This trial has been completed.

Conditions attachment, child maltreatment, maternal sensitivity, infant health
Treatment minding the baby home visiting program
Sponsor Yale University
Start date September 2009
End date March 2016
Trial size 151 participants
Trial identifier NCT01458145, R01HD057947


This is an efficacy study of an intensive home visitation intervention, "Minding the Baby" (MTB). This reflective parenting program (aimed at enhancing maternal reflective capacities), is focused on first-time young mothers and infants living in an urban community. The study, grounded in attachment and human ecology theories integrates advanced practice nursing and mental health care by pairing master's level nurse practitioners and social workers with at-risk young families. Aims of the study are: 1) to determine the efficacy of the MTB intervention in young mothers and infants with respect to a) maternal outcome variables including the quality of the mother-infant relationship, maternal reflective capacities, maternal mastery/self-efficacy, parental competence, and maternal health and life course outcomes (educational success, employment, delaying subsequent child-bearing); and b) infant outcome variables including early attachment, infant health, and developmental outcomes; 2) to monitor fidelity and dose of the program with young mothers; 3) to describe the evolution of reflective capacities in adolescent mothers (contrasting intervention group with control group) through descriptive qualitative analyses of transcribed Pregnancy Interviews and Parent Development Interviews at the last trimester of pregnancy and at 24 months; 4) to conduct cost-effectiveness analyses of the program. The longitudinal two-group study (subjects nested within randomly assigned groups), will include multi-method (self report, interview and direct observation and coding of behaviors) approaches with a cohort of first-time multi-ethnic mothers between the ages of 14-25 (and their infants). MTB home visits occur weekly for intervention families (n=69) beginning in mid pregnancy and continuing through the first year, and then bi-weekly through the second year. Mothers and infants (n=69) in the control group will receive standard prenatal, postpartum and pediatric primary care in one of two community health centers (as will the intervention group) and also receive monthly educational materials about child health and development mailed to their homes. Maternal and infant outcome variables will be followed over time (pregnancy, 4, 12, and 24 months) as well as compared between the 2 groups. Cost analyses and analysis of the dose and sample characteristics linked to efficacy, will allow us to plan for translation of the model into clinical care and community sustainability.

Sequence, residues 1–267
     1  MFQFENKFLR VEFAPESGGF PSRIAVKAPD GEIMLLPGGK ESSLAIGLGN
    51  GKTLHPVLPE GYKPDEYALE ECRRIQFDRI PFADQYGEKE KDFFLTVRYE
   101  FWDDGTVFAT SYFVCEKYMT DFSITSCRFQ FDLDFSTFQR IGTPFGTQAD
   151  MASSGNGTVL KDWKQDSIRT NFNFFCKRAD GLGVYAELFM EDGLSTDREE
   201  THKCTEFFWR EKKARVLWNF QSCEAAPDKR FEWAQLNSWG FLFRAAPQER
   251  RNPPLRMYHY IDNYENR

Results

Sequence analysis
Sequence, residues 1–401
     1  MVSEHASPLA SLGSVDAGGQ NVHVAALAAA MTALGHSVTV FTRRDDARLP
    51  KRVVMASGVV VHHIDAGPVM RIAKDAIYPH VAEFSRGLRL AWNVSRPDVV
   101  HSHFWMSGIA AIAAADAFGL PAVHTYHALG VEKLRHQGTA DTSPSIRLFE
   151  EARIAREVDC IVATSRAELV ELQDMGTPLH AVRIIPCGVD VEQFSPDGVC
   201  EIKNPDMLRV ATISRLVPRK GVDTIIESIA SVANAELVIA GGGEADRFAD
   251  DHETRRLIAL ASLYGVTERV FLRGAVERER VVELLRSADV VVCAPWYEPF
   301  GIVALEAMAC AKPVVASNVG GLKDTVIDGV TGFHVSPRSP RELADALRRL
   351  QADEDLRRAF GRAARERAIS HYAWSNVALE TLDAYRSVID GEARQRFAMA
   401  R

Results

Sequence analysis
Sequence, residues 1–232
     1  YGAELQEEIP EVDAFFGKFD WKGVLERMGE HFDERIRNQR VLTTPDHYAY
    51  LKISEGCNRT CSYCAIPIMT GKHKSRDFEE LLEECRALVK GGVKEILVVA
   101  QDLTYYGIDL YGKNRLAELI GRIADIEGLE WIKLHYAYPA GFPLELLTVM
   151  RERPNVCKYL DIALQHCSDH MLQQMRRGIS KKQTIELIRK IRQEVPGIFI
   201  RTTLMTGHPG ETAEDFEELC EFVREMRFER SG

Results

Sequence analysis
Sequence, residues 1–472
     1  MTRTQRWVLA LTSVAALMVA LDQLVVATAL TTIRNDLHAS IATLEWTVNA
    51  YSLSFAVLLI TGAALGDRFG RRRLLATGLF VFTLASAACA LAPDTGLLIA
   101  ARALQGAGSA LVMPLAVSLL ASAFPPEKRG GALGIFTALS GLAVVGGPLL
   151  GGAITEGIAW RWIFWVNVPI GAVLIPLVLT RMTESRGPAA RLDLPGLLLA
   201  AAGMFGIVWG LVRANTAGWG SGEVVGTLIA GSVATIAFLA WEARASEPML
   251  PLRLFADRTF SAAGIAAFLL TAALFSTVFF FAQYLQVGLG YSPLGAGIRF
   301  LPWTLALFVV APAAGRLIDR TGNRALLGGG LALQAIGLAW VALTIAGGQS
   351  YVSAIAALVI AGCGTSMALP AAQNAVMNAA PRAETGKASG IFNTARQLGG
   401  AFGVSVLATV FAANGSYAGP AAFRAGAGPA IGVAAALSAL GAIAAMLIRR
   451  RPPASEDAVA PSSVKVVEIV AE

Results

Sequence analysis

United States No locations recruiting
Other countries No locations recruiting

Study Design

Allocation randomized
Intervention model parallel assignment
Primary purpose prevention
Masking outcomes assessor
minding the baby home visiting program
Weekly home visits for one year followed by bi-weekly home visits until child is 24 months of age provided to young at risk families by a team of nurse practitioner and social worker home visitors
(No Intervention)

Primary Outcomes

Maternal reflective capacities
time frame: 27 months
Infant Attachment
time frame: 14 months
Maternal life course outcomes
time frame: 24 months
child abuse or neglect
time frame: 24 months

Secondary Outcomes

Dose of intervention
time frame: 24 months
cost analysis for the program
time frame: 27 months
Description of reflective functioning in pregnant adolescents
time frame: baseline

Eligibility Criteria

All participants from 14 years up to 25 years old.

Inclusion Criteria: - Having a first child - Speak English - Obtains primary care from community health centers Exclusion Criteria: - No psychoses or terminal illnesses

Additional Information

Official title Minding the Baby Home Visiting: Program Evaluation
Principal investigator Lois S Sadler, PhD
Trial information was received from ClinicalTrials.gov and was last updated in February 2017.
Information provided to ClinicalTrials.gov by Yale University.